We watched the documentary "Lost Boys of Sudan" a couple of nights ago. I really didn't know what to expect. We had selected it in our Netflix cue and it eventually showed up in our mailbox. Coordinating movie time for just mom and dad usually takes days or weeks in our house. But, Friday night the calendars finally aligned and Heather and I had the TV all to ourselves.
I didn't know that so many of them had traveled for days and weeks and months across treacherous territory. Taking attacks from gun-firing army militias, blood thirsty lions and hyenas, and the most paralyzing of all fears - starvation.
I didn't know so many of them had reached neighboring countries such as Kenya and Ethiopia and were set up in refugee camps.
I didn't know that they lived in those camps for many, many years.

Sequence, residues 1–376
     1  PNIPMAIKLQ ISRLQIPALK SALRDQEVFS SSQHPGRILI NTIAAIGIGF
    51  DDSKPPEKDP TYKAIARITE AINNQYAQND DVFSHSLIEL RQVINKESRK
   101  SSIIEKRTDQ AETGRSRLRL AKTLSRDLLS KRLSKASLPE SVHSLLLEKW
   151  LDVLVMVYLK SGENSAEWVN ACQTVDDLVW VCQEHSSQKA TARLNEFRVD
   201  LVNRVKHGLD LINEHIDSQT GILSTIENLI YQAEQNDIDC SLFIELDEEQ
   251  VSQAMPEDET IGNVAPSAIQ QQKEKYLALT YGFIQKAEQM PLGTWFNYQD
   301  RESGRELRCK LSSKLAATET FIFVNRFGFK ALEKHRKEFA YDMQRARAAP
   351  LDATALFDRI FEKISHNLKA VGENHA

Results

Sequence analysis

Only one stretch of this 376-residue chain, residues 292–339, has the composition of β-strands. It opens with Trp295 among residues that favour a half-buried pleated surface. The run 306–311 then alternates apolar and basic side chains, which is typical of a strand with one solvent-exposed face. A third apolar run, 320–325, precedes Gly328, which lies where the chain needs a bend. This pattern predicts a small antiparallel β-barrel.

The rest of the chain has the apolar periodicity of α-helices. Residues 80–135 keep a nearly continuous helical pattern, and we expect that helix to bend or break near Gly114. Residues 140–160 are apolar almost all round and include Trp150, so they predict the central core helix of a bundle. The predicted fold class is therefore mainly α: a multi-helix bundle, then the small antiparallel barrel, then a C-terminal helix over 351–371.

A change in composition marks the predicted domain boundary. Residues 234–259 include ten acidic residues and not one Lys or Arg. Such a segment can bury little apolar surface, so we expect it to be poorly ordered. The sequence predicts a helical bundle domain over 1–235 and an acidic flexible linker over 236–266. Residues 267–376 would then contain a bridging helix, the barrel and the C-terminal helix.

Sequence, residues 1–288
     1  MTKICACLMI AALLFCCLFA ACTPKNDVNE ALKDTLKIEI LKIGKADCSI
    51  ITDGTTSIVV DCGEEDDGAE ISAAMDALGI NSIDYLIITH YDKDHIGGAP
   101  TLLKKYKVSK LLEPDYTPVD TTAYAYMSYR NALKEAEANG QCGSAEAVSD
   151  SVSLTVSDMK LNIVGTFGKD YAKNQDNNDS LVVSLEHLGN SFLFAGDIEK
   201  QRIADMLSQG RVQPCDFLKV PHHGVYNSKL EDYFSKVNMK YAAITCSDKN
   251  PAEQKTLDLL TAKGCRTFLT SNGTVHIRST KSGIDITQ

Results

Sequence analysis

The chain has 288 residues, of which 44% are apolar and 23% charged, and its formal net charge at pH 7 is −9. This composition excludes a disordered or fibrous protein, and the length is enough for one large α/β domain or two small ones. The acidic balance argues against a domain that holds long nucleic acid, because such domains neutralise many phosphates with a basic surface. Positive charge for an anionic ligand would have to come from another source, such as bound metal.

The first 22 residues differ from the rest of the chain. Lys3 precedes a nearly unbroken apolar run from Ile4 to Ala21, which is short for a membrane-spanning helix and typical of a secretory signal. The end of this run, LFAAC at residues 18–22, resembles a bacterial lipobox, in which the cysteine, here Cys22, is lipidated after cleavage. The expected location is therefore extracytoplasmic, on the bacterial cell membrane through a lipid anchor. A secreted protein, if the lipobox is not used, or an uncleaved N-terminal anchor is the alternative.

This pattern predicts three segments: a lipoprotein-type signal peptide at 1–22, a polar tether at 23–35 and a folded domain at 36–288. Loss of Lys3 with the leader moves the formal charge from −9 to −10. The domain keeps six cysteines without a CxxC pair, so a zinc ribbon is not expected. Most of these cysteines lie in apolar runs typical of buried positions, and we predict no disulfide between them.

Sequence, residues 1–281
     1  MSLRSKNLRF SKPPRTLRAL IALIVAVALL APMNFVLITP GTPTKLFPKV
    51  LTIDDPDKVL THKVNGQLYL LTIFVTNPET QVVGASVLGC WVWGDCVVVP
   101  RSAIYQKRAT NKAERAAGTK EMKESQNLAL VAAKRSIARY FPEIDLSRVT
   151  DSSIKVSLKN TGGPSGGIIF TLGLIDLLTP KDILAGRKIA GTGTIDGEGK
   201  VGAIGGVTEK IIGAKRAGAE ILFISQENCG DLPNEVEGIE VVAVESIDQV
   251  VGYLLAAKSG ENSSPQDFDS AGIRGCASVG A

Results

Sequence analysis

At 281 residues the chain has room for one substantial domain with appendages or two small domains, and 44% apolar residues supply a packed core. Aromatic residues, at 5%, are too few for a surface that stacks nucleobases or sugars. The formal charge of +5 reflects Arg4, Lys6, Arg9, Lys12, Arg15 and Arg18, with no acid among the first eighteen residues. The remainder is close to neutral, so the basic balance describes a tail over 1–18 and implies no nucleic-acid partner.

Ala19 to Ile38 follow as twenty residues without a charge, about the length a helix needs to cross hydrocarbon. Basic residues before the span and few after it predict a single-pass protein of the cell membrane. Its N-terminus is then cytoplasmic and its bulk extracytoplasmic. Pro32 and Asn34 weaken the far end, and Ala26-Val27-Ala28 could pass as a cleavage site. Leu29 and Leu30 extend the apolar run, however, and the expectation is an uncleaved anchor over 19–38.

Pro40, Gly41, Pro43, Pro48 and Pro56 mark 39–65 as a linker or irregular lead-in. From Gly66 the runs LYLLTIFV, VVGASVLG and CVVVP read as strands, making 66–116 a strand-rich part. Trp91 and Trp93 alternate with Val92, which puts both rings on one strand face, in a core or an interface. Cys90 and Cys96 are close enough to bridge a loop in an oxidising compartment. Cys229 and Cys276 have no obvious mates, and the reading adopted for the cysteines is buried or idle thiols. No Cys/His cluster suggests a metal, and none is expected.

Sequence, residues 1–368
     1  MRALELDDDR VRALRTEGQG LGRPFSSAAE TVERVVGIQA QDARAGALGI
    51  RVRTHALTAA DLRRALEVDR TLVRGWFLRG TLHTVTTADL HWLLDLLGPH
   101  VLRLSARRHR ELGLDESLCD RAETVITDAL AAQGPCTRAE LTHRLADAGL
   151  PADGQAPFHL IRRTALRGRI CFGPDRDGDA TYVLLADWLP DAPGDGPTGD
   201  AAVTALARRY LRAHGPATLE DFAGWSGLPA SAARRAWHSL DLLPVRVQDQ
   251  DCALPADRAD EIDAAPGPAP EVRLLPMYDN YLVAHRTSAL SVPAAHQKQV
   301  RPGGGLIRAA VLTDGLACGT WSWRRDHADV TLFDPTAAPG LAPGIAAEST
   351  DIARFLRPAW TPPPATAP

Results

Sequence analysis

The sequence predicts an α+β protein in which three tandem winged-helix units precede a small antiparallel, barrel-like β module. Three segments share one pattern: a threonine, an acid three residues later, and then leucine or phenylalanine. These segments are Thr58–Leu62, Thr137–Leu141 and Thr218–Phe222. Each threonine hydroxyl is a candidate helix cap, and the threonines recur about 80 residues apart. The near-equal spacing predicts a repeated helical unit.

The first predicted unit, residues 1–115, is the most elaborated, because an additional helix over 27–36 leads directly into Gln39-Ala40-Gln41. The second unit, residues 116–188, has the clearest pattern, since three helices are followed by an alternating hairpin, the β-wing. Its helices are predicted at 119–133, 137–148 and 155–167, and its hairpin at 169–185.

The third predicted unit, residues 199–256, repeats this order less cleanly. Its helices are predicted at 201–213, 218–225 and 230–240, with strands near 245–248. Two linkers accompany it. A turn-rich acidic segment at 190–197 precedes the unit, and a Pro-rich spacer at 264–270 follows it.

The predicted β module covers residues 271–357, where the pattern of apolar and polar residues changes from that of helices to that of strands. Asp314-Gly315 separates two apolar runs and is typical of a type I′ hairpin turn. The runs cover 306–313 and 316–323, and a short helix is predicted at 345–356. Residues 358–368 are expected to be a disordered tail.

I didn't know that so many had been given visas to enter the US via a government sponsored program.
I didn't know that we as a nation had turned our backs on them once they arrived. OK, so maybe we didn't actually turn our backs on them, but how did we really help them once they got here?
In the end, the movie had a number of moments that stirred the mind to consider these people that are nearly invisible to us. Many people have provided help in a variety of ways, but have we really met their needs? Have we really invited them into our country and our culture? Have we embraced them so that they feel welcome in our churches? Have we left the comforts of our churches to go and minister to them?